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Joyous Disappointment

It is a good day to be a Vikings fan, and it's also a bit perplexing, with a dash of kick to the junkiness stil lingering in the background, like a hangover that you just can't shake.  We all know where the latter comes from; those gory details don't need to be re-hashed.  The good great news is that John Randle, the crazy-ass eccentric, wild eyed, over achieving defensive tackle who was the heart and soul of the Minnesota Vikings defense for over a decade, now gets the privilege to wear the ugliest yellow blazer in the world once a year.


WOOOOO!  Big Dog's in the HAAAALLLL!! 

Randle is certainly deserving.  He made seven pro bowls, was named first team all-pro six times, and is the all-time sack leader among interior linemen, and sixth overall.  Oh, and he was an undrafted free agent.  John Randle invented the term 'relentless motor', and was just flat out intimidating, from his eye black that made him look like a beefed up Gene SImmons and a mouth that spit more fire, for 60 minutes, every Sunday.  Welcome to the club, John Randle.  You deserve it, and heartfelt congratulations from VIking fans world wide.   

But Cris Carter misses out, again, for the third year in a row.  And this year, Rickey Jackson beat him out.  Rickey Jackson.  Really?  I mean, wasn't he the bass player for Marlon, Tito, and Michael?  Maybe he wasn't, but when comparing his record to Cris Carter's, he might as well have.  Rickey Jackson is a good, even a great player, and I'm not saying he doesn't deserve to be in the Hall.  My irritation is that Cris Carter is a no-brainer for the Hall of Fame, yet he still waits.  I think there are a few things working against CC right now, among them:

1)  Randall McDaniel, Gary Zimmerman, and...John Randle.  I'm not advocating that there is an anti-Viking bias, because with three Vikings (Zimmerman won a Super Bowl with Denver, but he played half of his dominating career as a VIking) going in three years in a row I think the voting members don't try and 'overdo' it with too many players from one team.  That said, Dallas (2006) and Washington (2008) had multiple inductees.  Prior to that, 2000 was the last time there were multiple inductees from one team.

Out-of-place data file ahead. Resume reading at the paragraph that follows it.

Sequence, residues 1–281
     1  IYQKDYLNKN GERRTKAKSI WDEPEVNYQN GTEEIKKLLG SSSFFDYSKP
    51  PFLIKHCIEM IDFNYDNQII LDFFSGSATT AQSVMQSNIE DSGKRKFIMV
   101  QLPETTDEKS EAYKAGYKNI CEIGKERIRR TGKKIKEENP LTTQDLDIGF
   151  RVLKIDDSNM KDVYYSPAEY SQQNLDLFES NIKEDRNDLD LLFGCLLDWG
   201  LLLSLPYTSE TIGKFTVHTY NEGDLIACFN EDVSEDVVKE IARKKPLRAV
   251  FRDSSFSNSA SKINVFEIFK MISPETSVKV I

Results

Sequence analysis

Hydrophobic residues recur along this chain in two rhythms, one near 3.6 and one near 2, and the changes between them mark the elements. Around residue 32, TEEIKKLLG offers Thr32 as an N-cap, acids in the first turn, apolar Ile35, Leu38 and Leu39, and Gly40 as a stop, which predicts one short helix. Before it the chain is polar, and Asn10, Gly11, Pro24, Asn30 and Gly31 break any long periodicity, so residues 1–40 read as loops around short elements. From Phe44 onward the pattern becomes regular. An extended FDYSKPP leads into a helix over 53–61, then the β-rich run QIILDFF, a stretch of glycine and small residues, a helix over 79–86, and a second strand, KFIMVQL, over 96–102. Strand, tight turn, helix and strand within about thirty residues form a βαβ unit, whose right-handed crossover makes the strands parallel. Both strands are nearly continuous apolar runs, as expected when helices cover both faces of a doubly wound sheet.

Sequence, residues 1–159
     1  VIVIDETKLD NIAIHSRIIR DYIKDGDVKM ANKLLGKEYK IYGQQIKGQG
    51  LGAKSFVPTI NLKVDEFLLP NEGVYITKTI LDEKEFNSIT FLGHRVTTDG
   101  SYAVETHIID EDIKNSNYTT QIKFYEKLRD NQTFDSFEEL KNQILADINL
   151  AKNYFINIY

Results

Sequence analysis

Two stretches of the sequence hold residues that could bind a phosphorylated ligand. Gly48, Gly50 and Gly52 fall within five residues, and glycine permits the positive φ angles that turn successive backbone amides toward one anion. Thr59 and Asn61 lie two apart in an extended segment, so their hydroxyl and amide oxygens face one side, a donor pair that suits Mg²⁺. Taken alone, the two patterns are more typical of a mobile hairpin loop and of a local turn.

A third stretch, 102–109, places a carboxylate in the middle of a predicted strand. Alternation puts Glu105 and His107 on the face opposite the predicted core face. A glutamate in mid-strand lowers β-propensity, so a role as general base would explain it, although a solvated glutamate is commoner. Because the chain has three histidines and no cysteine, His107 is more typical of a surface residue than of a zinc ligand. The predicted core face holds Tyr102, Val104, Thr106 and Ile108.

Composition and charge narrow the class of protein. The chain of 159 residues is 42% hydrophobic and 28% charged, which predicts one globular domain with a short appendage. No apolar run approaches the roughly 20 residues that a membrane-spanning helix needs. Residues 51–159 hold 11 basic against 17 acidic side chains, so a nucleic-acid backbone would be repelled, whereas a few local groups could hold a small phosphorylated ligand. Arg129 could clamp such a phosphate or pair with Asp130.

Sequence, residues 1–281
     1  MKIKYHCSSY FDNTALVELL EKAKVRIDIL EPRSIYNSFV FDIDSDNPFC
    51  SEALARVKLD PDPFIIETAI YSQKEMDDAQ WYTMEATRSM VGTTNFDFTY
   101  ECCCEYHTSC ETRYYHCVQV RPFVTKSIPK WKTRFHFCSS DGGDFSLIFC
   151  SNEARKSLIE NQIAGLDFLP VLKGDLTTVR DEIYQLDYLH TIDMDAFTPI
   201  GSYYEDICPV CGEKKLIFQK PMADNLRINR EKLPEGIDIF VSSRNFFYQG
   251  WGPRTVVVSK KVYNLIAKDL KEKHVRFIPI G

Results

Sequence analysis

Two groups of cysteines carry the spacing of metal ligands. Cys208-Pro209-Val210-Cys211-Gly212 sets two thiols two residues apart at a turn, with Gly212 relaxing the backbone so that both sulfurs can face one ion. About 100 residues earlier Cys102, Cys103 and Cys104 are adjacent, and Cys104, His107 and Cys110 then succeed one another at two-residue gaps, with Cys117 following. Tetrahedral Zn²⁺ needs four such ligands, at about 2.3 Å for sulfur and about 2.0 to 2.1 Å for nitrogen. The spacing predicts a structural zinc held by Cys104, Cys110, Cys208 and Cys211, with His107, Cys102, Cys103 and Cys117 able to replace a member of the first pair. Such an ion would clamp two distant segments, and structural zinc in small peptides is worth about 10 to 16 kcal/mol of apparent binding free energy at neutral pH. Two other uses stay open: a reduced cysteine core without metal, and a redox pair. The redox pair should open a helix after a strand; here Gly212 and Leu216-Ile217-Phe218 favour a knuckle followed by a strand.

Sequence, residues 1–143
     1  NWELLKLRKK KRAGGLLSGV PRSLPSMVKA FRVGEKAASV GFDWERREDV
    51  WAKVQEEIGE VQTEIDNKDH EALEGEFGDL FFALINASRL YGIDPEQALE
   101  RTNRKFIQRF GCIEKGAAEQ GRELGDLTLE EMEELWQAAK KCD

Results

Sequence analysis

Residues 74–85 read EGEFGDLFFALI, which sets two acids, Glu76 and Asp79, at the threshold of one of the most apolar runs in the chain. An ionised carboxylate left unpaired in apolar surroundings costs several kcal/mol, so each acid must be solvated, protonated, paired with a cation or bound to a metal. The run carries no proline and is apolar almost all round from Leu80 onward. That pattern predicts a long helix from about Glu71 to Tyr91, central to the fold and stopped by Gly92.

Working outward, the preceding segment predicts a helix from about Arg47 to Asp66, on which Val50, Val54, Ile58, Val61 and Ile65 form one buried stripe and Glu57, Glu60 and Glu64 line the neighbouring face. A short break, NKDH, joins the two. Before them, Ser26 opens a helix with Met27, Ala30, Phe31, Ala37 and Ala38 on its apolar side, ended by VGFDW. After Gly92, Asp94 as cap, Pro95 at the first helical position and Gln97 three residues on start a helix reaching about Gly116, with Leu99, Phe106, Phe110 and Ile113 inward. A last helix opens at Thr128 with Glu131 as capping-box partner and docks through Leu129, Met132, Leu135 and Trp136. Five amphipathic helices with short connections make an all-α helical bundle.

2)  His perceived inevitability of induction.  When he retired, he was the greatest wide receiver not named Jerry Rice to ever play the game, and two other WR's have gone in ahead of him, MIchael Irvin and Art Monk.  Like teammates, voters are also disinclined to vote players of multiple positions in the same class.  So the thinking goes, Carter's a shoo-in, but Irvin's a given because he played on the Dallas dynasty of the 90's,, and Monk deserves it after waiting for so long.

3)  The electability of others when compared to CC.  This ties in to CC's perceived inevitability.  If everyone agrees he's going in someday, let's get other guys in while their window of opportunity is open, because it won't stay open as long as it will for a guy like Cris Carter.  Hence, Derrick Thomas, Andre Tippett, and now Rickey Jackson are in and Cris Carter isn't.  Again, my beef isn't with those who have been elected, it's with the mindset and the methodology of how voters determine who goes in and when.

Why is there a limit of five modern era and two veteran selections?  If a guy is Hall of Fame worthy, and there are nine guys that deserve it, let nine guys in.

Why is there an unwritten rule about X amount of players on one team, or X amount of players at the same position that can go in at one time?  Again, you're either Hall worthy or not.  If a class is WR heavy, it's WR heavy, so be it. 

Why do people who never played the game at the professional level decide who goes in?  I have all the respect in the world for some writers, but c'mon, Sid Hartman, Howard Balzer, and Alex Marvez each gets a vote?  I think there needs to be a healthy mix of former players that are also Hall of Fame members.  Shouldn't they have a voice to who joins their exclusive club?

Even though the system is flawed, it is more fair than unfair.  Cris Carter will get in, but ironically, it's his greatness that might be keeping him out, at least for the time being.